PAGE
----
Rating: 14A – Coarse Language, Sexual Content
Run Time: 86 minutes
The Campaign is about two blowhard Southern politicians trying to outsmart each other at the polls. However, the movie’s raison d’etre has little I think to do with the upcoming U.S. election. Instead, The Campaign is more an exercise in the comic personalities of Will Ferrell and Zach Galifianakis, who make better use of their screen time contending for our laughs than their characters do to get votes.
The result is a 90-minute raucous comedy of practical jokes that pretend to comment on American politics. It’s all very lightweight, with scenes that only vaguely reflect American culture and consciousness, and serve instead a broader punchline that panders to fans of unsophisticated vulgarity in lieu of sharp political satire. It’s all middlebrow: politics is the shunned backdrop for a movie that, above all, marvels in the personalities of its comedic duo.
Luckily, Ferrell and Galifianakis are amusing. Ferrell is Democrat Cam Brady, the incumbent of North Carolina’s 14th District. He’s running for his fifth term unopposed, until Galifianakis’s white collar family man Republican Marty Huggins stumbles onto the adjacent podium. Their motivations to join the candidacy is, more or less, because they felt like it. But Marty is less experienced and turns to his brothers, corrupt businessmen (John Lithgow and Dan Aykroyd), who then hire the conniving Tim Wattley (Dylan McDermott) as Marty’s campaign manager.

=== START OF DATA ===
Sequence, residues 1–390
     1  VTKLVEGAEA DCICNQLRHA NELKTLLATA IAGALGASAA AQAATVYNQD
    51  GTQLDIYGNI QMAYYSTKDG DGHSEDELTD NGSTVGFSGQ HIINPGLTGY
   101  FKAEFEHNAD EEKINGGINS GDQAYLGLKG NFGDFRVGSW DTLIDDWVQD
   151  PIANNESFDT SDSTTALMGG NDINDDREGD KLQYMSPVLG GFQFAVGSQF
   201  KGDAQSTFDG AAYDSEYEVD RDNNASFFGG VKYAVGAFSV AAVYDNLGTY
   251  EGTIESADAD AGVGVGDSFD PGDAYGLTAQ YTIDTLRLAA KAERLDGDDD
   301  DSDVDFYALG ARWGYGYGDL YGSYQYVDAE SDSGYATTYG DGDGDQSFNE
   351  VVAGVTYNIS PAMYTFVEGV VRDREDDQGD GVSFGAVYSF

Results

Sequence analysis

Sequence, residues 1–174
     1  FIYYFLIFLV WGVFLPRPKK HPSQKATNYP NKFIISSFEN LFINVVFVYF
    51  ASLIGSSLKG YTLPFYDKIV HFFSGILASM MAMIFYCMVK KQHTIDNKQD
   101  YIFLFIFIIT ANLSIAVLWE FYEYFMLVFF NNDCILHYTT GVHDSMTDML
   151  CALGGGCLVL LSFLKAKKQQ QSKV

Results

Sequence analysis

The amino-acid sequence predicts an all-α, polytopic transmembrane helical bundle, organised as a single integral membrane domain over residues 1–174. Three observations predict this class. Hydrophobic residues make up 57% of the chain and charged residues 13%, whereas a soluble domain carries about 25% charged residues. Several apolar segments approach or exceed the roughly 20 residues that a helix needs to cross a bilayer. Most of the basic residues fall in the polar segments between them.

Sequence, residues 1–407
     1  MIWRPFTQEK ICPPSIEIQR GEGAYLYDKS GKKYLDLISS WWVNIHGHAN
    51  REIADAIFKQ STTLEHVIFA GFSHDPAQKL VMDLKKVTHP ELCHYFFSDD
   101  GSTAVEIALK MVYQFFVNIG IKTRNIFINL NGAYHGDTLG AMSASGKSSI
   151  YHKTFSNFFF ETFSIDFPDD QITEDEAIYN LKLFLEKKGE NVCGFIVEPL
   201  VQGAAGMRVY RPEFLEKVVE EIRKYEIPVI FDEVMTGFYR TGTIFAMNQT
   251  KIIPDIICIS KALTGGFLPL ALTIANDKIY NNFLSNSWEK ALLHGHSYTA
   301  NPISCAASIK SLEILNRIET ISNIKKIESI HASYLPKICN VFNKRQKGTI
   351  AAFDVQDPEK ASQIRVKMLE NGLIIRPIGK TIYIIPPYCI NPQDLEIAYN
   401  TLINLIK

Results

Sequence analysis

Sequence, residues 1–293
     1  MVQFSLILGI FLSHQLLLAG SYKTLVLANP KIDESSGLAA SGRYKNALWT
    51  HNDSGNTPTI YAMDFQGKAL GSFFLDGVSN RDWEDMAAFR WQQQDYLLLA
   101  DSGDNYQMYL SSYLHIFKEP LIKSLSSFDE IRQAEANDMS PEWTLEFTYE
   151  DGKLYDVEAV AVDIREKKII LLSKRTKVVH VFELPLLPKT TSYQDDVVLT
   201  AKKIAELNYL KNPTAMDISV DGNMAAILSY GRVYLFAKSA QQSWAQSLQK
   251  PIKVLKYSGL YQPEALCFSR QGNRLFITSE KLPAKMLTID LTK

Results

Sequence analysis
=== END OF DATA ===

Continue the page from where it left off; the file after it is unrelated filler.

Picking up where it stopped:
These competitors disarm each other with tricks in the vein of Spy vs. Spy. Things don’t get too tired, since Ferrell and Galifianakis know how to play manic on two completely different extremes. Ferrell is the dapper, vain and glib politician who blindly uses Jesus as the star on his lapel. Galifianakis is the more naive, innocent, and amiable family man pulled into the aggressive undertow of political bargaining.
The movie takes these personalities without putting them on an arc. Instead, the plot unfolds in a hit-or-miss display of set ups and punchlines that occasionally speak to the times. The mention of CNN, rattlesnake-handling evangelists, communism, and Al-Qaeda are put on the page, but not intelligently written. Such topics are inevitable to a film called “The Campaign”, but the references are pretty rudimentary. These aren’t witticisms that take American politics by the throat, but slap it flimsily on the head.
The movie is directed by Jay Roach, who did two very good political dramas called Recount and Game Change. Those films brought tremendous sympathy to politicians many have long scorned (Sarah Palin, George Bush, John McCain). Roach’s liberal tendencies don’t transfer into The Campaign and instead the film plays safe in the middle. But the key to the Ferrel-Galifianakis duo is that their characters are so equally oddball and incompetent that it is impossible to predict the outcome. There is, therefore, joy in watching them trade one-liners and sly shenanigans.
Much of The Campaign entertained me and kept me occupied, but overall I found the film too thin. The third act drags and the conclusion feels particularly unearned. Sentimentality makes an appearance when the whole film seems to discourage it. This is a film about schtick not story and set ups over actual scenes. The abrupt turn into the heartfelt is not only contrived, but unfit for the enduringly nasty sphere of politics. And so we are left with smiles and a few titters, but subsequently aware of this awful truth: The Campaign panders more to the public than congressmen do themselves.